Printed circuit board assembly is a process of soldering various components onto a printed circuit board. This is done in order to create an electronic product that is safe and has no errors. The printed circuit board, also known as PCB, can be complex or basic depending on the type of device it is used for constructing.
The PCB assembly process is the last step in creating a printed circuit board. The process is performed by machines that place the components on the PCB to form a functional product.
There are two ways in which this process can be carried out:
- Manual assembly, where each component is placed one by one on the board and soldered to complete the assembly.
- Automatic assembly, where a machine places components onto the PCB and solders them automatically.
The manual PCB assembly process is very straightforward, but it is not an efficient solution for large quantities of boards since it requires a lot of time and human resources. The automatic printed circuit board assembly process, on the other hand, will allow you to make hundreds of boards in a short time frame with fewer errors.
Understanding the SMT technique of assembly
Surface Mount Technology (SMT) is a method of soldering components on the surface of printed circuit boards.
Surface mount technology is commonly used for the high-density interconnection of PCBs and ICs in modern electronic products. The benefits of SMT are higher packing density, smaller size and better reliability than through-hole technology (THT). SMT construction reduces the risk of production faults and improves testability in comparison with THT construction.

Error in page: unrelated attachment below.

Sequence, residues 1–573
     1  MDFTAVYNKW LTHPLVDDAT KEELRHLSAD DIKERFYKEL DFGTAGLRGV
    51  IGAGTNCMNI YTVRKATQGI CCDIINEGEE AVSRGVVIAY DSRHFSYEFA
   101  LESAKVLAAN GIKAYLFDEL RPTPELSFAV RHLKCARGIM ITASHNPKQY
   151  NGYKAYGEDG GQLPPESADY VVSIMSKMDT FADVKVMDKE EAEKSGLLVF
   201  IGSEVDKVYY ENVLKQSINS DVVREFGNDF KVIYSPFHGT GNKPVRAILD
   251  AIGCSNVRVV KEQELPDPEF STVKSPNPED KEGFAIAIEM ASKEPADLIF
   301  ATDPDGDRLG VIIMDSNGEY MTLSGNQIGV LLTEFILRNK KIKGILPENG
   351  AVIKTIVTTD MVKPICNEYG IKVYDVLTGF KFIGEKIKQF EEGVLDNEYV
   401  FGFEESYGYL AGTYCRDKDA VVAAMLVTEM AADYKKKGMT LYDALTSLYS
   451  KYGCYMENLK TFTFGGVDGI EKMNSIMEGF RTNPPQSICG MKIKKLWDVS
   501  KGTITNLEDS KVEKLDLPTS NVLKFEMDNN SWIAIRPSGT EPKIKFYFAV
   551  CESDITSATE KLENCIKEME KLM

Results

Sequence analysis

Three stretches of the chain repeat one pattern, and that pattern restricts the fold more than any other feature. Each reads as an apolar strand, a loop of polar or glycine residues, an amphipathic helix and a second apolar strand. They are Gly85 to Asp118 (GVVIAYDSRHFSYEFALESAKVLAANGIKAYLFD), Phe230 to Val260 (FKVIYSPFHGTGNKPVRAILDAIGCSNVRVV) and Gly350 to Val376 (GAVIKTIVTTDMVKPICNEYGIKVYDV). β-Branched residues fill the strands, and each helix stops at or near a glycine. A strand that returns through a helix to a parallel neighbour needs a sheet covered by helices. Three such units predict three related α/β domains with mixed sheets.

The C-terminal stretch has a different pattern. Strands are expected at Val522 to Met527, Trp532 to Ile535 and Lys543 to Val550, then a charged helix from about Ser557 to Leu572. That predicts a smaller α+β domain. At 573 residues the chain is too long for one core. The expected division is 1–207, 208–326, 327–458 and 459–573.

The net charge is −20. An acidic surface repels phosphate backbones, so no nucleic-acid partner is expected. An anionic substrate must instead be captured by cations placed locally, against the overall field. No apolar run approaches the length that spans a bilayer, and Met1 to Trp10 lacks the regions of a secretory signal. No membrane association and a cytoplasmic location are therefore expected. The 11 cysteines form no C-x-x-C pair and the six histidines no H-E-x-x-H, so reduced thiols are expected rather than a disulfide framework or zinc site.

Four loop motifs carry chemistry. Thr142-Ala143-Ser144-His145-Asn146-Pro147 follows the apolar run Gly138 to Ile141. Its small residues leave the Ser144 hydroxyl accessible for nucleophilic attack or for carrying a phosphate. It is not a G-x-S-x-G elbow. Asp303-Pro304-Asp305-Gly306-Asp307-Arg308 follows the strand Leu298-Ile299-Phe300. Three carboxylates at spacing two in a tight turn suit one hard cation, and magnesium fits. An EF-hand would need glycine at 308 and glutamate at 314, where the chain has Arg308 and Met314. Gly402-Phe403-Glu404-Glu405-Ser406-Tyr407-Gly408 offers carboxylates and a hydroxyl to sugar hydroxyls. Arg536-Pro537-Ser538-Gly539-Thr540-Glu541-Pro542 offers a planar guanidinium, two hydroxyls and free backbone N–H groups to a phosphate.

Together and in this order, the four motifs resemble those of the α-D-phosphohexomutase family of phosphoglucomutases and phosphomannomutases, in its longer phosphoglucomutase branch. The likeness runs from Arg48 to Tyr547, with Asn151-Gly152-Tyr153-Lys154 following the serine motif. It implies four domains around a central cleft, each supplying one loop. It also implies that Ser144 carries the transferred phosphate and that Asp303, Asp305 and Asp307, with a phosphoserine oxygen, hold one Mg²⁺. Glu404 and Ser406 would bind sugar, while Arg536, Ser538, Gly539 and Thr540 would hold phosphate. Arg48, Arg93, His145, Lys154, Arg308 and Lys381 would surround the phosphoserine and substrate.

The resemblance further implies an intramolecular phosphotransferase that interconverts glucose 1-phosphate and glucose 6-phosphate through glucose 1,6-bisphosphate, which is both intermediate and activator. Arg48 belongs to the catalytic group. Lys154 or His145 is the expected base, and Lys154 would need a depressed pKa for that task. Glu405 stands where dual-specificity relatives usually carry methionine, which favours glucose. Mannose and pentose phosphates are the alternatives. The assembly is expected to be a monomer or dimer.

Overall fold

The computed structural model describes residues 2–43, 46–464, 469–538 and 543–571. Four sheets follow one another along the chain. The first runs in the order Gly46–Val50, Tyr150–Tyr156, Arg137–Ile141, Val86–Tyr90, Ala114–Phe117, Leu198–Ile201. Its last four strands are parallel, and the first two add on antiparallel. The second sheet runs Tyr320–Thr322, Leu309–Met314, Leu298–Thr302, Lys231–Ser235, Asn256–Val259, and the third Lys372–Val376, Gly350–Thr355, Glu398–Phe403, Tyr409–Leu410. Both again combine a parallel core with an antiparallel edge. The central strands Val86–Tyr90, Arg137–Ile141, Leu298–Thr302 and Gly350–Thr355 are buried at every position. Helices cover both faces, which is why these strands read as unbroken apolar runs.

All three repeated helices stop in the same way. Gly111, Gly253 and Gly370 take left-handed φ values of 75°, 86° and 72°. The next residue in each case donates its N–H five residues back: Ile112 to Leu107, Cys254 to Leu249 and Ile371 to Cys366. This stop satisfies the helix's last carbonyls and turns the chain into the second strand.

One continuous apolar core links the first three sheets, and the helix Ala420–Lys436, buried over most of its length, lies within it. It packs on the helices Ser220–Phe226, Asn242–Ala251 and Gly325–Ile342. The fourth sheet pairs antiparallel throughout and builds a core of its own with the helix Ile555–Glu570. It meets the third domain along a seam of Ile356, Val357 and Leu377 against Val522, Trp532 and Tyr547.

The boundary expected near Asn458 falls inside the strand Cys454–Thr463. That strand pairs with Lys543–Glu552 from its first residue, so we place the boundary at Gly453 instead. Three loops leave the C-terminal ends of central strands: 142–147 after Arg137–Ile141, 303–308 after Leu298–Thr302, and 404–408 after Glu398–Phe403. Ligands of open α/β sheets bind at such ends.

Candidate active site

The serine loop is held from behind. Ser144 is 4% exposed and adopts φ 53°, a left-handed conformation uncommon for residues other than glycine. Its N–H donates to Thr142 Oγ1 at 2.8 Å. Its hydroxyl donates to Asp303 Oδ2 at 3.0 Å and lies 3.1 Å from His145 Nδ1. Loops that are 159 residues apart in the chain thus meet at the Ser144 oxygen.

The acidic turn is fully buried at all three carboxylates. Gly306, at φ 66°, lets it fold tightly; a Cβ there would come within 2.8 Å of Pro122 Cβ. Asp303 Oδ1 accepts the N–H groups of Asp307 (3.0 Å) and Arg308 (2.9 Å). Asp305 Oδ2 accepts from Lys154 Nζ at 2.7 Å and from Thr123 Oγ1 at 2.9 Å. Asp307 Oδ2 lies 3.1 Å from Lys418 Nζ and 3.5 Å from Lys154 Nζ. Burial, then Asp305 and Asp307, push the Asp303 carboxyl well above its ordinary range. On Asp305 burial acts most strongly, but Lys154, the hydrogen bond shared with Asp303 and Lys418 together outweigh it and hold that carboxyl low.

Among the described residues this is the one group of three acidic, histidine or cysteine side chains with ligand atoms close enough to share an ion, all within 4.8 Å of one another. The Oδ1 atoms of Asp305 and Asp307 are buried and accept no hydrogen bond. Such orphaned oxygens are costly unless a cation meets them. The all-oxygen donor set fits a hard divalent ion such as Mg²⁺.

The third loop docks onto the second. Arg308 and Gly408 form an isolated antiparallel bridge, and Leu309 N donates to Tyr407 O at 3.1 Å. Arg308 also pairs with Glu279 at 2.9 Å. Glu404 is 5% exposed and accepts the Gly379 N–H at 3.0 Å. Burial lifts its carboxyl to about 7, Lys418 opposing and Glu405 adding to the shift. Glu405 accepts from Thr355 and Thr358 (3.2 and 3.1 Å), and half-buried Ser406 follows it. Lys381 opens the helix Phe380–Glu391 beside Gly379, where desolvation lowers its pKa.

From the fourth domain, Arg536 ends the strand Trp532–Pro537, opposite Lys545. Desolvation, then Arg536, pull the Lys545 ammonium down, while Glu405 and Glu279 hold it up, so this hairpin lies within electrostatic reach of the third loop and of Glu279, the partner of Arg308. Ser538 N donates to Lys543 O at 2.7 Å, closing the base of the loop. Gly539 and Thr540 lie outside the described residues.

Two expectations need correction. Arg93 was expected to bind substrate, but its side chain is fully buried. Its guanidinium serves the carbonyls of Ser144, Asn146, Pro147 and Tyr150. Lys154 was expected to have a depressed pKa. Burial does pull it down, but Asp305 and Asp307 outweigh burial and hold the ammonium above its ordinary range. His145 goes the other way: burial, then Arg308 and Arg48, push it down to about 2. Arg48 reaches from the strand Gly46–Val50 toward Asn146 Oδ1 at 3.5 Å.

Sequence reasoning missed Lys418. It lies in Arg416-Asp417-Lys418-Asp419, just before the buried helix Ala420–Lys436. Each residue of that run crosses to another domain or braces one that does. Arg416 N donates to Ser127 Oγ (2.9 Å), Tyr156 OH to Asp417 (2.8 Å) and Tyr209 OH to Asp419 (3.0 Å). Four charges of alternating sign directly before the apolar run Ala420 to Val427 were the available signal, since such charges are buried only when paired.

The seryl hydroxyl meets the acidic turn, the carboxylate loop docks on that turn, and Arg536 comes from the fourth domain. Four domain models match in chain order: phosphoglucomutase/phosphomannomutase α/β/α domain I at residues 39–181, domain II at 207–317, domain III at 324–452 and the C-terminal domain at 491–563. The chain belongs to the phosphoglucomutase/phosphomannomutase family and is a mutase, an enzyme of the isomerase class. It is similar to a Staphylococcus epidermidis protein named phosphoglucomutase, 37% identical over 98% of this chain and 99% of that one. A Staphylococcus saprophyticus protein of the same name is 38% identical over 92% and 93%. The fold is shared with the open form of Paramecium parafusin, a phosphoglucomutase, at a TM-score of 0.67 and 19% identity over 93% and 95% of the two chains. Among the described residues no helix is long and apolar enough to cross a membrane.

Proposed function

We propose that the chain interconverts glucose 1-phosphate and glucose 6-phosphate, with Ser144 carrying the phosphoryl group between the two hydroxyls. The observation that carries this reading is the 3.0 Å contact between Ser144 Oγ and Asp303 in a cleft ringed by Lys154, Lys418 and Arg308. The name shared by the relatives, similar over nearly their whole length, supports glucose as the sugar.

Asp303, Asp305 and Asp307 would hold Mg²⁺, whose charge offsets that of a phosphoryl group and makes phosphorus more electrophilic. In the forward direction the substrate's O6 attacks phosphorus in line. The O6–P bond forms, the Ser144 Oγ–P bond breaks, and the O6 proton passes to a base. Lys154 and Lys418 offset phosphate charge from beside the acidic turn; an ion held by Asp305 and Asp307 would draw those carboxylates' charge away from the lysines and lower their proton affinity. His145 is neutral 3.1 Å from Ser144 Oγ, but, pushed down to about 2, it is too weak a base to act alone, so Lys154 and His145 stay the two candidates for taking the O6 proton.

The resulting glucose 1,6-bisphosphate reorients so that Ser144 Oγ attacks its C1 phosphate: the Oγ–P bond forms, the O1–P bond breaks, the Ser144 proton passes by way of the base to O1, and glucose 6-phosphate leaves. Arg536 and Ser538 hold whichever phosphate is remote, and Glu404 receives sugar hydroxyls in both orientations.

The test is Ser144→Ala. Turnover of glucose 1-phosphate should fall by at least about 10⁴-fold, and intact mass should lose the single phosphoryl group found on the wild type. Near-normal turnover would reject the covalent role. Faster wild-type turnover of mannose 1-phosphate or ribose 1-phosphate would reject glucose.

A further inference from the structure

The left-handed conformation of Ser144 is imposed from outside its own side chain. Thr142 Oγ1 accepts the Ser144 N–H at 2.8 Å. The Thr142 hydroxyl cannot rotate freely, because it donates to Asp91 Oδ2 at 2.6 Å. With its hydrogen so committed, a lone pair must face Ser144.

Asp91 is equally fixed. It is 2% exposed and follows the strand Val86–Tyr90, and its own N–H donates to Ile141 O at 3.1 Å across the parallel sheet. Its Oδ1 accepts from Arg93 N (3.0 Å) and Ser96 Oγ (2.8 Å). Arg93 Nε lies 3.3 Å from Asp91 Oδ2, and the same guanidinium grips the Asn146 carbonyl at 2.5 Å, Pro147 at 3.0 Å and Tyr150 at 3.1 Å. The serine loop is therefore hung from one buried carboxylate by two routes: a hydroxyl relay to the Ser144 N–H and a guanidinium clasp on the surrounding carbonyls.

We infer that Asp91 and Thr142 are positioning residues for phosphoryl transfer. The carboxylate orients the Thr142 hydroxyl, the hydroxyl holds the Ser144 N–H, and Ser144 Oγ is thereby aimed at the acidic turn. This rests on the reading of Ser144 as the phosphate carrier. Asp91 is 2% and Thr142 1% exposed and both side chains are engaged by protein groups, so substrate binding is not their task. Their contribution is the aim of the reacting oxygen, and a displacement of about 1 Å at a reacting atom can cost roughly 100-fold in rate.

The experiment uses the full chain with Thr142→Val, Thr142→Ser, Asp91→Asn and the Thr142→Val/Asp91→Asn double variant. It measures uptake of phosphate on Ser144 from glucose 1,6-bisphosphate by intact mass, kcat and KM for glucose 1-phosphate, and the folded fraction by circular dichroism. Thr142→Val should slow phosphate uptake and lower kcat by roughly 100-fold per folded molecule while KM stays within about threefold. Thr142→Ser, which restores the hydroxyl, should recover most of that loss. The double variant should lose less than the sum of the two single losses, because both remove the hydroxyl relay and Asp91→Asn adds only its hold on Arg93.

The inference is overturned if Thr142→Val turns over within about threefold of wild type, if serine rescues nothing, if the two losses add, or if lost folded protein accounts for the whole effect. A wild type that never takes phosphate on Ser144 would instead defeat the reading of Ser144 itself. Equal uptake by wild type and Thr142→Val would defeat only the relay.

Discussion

SMT has become the dominant technology for electronic assembly because it simplifies the process while decreasing the cost of production.
Understanding the THT technique of assembly
Through-hole technology was invented by Michael Pupin at AT&T’s Bell Laboratories in 1913. He was awarded a patent for his invention in 1914, but many other inventors had already been working on similar ideas at around the same time.
Through-hole technology is a method of connecting electronic components to a printed circuit board (PCB) when they need to be soldered. Components with leads, such as transistors and diodes, are mounted on the PCB and then soldered in place. Through-hole technology is used in most consumer electronics and computers.
The term “through hole” refers to the fact that the wires or legs on an electronic component pass through a hole in the PCB. This allows them to be soldered onto pads on the opposite side. The disadvantage of this technique is that it requires extra space on the PCB and makes it more difficult to remove defective components from their sockets.
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